Denial – a most common reaction to hearing the tragic loss, especially to suicide, is through denial. It’s like a defense mechanism in our brains to try to protect us from some really unfortunate news. “Not possible. They must have got it wrong.” “They must be talking about someone else.” “There’s just no way she could have killed herself. It must have been an accident.” After the initial shock of the news settles in on us we start to let go of the denial as the reality of the situation takes hold.
Anger – another common and healthy reaction to the loss of someone to suicide is anger. You may find yourself feeling angry at the person. Angry at them for the impact their suicide has had on others – friends, family, coworkers, etc. You may feel their choice was one of selfishness. These angry feelings can often come with a sense of guilt, guilt for being angry at the person who died, and feel like you are on an emotional rollercoaster. Take solace in the fact that this is natural and normal.
Bargaining – It’s common to find yourself wishing, even asking, if you could trade something to have that person back. You may even find yourself saying you would trade your life to have theirs back. What if I could go back in time and change something I did, something I said?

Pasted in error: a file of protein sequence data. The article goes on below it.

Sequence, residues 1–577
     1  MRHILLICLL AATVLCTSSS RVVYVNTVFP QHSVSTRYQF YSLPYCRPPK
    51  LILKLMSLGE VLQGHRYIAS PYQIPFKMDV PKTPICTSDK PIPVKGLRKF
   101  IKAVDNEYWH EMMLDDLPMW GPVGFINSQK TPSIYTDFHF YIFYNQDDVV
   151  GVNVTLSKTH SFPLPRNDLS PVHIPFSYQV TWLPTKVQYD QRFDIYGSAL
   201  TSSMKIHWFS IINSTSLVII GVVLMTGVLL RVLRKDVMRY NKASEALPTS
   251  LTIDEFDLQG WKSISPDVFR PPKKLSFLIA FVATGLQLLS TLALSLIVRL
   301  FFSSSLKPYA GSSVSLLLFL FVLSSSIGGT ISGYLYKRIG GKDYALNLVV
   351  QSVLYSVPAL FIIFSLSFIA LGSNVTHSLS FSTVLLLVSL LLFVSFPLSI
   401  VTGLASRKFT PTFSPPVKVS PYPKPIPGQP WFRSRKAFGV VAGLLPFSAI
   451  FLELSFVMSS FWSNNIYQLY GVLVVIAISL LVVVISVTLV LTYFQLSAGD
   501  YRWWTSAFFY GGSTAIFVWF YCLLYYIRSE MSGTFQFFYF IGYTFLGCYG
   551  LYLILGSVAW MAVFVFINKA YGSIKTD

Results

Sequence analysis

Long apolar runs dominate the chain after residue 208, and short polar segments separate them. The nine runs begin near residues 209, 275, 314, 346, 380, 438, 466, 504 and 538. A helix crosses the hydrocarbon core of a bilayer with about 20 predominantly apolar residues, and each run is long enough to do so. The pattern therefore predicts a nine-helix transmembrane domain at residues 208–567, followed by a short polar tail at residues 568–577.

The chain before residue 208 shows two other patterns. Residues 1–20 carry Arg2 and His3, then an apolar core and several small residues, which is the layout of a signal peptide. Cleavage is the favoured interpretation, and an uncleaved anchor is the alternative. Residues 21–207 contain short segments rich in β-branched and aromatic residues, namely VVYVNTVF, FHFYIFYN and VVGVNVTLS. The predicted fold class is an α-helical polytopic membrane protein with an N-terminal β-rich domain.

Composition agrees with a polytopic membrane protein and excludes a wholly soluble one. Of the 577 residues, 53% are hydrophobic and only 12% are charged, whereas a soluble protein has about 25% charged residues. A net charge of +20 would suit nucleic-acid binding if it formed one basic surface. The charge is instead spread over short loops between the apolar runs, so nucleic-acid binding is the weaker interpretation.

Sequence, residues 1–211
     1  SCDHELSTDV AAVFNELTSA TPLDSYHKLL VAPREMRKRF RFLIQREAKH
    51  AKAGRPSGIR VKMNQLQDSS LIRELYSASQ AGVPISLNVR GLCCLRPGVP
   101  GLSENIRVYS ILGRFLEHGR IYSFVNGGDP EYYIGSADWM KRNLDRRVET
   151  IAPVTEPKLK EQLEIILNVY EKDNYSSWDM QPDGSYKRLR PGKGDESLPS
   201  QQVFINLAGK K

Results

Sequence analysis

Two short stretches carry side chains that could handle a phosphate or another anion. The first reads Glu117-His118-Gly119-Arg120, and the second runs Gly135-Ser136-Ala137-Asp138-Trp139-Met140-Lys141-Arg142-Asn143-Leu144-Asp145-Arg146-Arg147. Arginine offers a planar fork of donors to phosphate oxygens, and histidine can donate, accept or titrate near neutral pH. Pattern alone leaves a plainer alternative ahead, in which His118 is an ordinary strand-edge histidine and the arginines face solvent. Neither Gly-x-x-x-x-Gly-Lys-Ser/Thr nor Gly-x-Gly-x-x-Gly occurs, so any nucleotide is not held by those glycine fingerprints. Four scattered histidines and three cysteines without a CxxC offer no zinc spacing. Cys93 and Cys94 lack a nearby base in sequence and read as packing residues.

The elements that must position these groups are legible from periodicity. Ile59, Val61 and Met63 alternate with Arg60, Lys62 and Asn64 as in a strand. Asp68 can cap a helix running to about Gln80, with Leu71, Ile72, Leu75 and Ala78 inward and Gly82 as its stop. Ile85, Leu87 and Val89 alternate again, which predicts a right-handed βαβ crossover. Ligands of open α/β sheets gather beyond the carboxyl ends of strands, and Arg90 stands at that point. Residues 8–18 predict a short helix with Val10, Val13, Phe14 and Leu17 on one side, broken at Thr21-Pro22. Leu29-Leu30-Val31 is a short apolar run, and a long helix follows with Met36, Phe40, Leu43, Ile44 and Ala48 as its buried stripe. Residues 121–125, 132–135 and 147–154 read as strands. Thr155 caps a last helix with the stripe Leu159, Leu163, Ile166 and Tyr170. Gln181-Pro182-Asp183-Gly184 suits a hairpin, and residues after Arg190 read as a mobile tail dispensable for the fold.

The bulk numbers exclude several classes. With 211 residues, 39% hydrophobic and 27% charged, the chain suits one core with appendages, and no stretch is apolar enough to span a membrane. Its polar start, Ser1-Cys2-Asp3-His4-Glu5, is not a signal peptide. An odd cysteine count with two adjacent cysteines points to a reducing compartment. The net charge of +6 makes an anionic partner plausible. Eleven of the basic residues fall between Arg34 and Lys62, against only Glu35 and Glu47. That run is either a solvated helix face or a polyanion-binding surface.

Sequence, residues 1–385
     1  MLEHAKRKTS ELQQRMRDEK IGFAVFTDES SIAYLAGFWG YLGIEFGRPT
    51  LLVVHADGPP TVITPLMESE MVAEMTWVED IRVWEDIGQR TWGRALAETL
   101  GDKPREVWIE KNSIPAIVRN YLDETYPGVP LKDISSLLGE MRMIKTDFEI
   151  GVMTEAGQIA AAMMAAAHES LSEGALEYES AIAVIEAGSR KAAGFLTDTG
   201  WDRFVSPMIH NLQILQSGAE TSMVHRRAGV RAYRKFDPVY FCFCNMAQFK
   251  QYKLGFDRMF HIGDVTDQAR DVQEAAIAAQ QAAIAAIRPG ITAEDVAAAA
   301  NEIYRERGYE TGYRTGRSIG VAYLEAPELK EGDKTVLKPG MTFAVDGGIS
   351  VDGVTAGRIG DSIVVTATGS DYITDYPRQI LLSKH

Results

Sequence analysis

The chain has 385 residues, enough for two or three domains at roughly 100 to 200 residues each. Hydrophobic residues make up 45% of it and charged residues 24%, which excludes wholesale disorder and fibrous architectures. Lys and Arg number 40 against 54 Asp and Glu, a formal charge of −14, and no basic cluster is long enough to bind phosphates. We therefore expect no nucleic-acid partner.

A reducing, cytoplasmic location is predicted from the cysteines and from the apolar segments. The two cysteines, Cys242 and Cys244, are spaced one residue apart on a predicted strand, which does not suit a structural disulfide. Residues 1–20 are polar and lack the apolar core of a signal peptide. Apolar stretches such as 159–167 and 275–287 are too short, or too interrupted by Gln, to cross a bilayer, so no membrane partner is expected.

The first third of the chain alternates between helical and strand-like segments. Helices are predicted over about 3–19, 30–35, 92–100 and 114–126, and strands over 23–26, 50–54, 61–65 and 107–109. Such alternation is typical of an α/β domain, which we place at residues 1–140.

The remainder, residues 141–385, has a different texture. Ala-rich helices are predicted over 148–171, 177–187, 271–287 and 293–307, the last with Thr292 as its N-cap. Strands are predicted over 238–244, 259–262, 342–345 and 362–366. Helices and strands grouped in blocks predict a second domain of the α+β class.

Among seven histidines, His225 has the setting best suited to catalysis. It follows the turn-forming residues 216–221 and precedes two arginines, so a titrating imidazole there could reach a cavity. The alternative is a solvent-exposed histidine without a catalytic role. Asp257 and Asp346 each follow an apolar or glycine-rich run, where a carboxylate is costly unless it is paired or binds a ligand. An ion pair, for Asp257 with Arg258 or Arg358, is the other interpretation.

Depression – Inevitably the periods of sadness find their way to us. This can be different for different people. For many it comes in waves. It can last for hours, days, weeks, months. It can be intense at times and simply dull at others. You can be having a perfectly “normal” day and a song on the radio, a photo, etc. can trigger a memory and with it the intense grief that accompanies these losses.
Acceptance – Coming to terms with the loss of a friend or family member to suicide is the gradual resolution of all of our thoughts and feelings. There is no set timetable or formula as to when one might reach this stage. Moreover, it is possible to revisit some of the previous stages even after we’ve thought we had reached a level of acceptance.
Time is both the constant and the variable when dealing with the suicidal death of a friend or family member. They say, “Time heals all wounds” yet in the moment that feels impossible. This time can mean different things for different people. The one constant is that there is no shortcut. Time will be what it is for you.
Getting Through vs. Getting Over